Despite Grim Case Numbers, the U.S. Wants to Open a New York-London Travel Corridor by the Holidays: Report

Despite Grim Case Numbers, the U.S. Wants to Open a New York-London Travel Corridor by the Holidays: Report

The U.S. is not going to let grim coronavirus numbers, which are still among the highest in the world, rain on its transatlantic travel parade. A new report in the Wall Street Journal states that Trump administration officials are working on creating a travel corridor between New York City and London “as soon as the holidays.”

The arrangement would require travellers to be tested for covid-19, the disease caused by the novel coronavirus, before their flight and then again upon arrival. It would also include shorter quarantine periods when travellers arrive at their destinations. According to the Journal, Trump administration officials decided to focus on implementing travel corridors between the U.S. and international destinations because of the growing availability of covid-19 tests in the U.S.

U.S. officials expect to rely on rapid tests as the primary tool to maintain covid-free travel corridors, the Journal reported. Although the type of test was not specified, it’s probable that the tests involved would be antigen tests, which are carried out with a nasal or throat swab and provide results in one hour or less.

According to the Food and Drug Administration, positive covid-19 results from antigen tests are usually highly accurate, but negative results may need to be confirmed with a molecular test. Molecular tests are typically highly accurate and usually do not need to be repeated, the FDA states, but getting results can take anywhere from a day to a week.

Currently, U.S. citizens that travel to the UK must quarantine for 14 days once they arrive in the country. As noted by the Journal, U.S. citizens can’t go to the European Union because the EU has banned Americans from entering due to the coronavirus (no one needs to ask why). For its part, the U.S. does not allow any UK travellers into the country unless they are U.S. citizens, permanent residents or meet specified exceptions.

Airlines and airports support a globally consistent approach to testing passengers as an alternative to quarantine measures. In a recent statement to the United Nations agency in charge of international civil aviation, the International Air Transport Association and Airports Council International said they supported such measures and affirmed that governments must cooperate to remove quarantine restrictions and restart air travel.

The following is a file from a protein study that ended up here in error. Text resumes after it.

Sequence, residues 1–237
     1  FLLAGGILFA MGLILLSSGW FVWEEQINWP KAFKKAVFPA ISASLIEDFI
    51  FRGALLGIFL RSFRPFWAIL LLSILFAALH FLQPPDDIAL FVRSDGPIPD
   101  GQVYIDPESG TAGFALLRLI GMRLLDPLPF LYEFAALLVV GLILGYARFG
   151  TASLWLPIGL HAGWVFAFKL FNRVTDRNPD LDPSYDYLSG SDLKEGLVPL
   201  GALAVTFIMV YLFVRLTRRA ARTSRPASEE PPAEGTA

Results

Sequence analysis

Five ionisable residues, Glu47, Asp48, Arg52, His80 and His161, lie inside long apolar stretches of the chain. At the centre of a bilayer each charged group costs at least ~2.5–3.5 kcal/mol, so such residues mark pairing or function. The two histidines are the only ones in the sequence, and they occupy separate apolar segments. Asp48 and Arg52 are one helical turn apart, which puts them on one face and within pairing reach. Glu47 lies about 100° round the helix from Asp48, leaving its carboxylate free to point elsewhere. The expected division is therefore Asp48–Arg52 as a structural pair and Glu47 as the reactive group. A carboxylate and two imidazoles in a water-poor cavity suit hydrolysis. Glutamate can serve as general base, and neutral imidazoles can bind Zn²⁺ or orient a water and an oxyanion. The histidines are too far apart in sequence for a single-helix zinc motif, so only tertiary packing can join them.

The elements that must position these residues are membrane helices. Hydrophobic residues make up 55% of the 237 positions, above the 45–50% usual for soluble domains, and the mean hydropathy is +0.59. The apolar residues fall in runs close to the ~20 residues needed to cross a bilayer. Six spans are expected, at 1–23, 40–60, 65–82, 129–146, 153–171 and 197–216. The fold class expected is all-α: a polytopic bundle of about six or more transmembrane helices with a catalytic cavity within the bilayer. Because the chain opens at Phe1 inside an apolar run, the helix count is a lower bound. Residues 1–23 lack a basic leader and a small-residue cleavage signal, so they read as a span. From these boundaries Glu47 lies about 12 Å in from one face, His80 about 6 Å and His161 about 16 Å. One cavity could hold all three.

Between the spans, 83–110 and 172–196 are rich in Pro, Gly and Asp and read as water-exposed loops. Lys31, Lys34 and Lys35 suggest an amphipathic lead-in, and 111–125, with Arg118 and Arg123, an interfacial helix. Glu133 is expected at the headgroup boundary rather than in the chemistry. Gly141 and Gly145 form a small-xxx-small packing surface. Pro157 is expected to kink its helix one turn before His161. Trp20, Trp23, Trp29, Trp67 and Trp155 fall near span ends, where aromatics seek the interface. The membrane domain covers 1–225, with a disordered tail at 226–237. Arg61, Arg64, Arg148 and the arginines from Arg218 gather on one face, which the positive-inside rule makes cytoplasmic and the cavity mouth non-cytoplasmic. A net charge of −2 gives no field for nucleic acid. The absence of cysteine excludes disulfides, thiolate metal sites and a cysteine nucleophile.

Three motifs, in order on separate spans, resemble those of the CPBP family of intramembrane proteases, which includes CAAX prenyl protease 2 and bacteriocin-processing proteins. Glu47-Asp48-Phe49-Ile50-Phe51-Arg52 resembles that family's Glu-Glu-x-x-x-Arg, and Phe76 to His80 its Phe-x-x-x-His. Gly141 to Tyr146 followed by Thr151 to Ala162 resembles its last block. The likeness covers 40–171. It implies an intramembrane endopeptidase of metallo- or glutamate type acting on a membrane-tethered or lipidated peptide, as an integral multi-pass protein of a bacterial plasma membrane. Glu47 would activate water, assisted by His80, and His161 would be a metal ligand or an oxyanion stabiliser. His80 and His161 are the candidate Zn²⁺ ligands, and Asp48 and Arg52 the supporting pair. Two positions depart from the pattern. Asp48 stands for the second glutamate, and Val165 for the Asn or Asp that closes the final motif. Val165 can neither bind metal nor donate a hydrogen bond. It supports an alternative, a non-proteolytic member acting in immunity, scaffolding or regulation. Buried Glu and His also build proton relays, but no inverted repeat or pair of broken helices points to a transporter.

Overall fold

The industry groups stated that the covid-19 shutdown has had a “catastrophic impact” on employment, stating that 4.8 million industry jobs have been lost or are under threat.

Per the Journal report, there has been one big obstacle in negotiations with foreign leaders over easing covid-19 travel restrictions, even with a testing strategy: the U.S.’s consistently high infection rates. According to an analysis by Reuters, U.S. cases hit a two-month high on Friday with more than 58,000 infections reported.

Now, the UK isn’t exactly a sterling example of coronavirus containment, either. It reported about 224,000 new coronavirus cases this week, according to the Guardian. Prime Minister Boris Johnson is also getting ready to announce a three-tier lockdown system for the country.

The Journal states that there are still key details that must be worked out between the Trump administration and foreign governments before the travel corridor is approved. Issues on the table include the length of time passengers would be required to quarantine at their destination.

While some federal officials and airline industry representatives support a 24-hour quarantine, other federal officials believe a period between four and seven days would be more appropriate. Those in favour of the latter option maintain that longer quarantines could be more acceptable to other countries. 

[The Wall Street Journal]

The Cheapest NBN 50 Plans

It’s the most popular NBN speed in Australia for a reason. Here are the cheapest plans available.

At Gizmodo, we independently select and write about stuff we love and think you'll like too. We have affiliate and advertising partnerships, which means we may collect a share of sales or other compensation from the links on this page. BTW – prices are accurate and items in stock at the time of posting.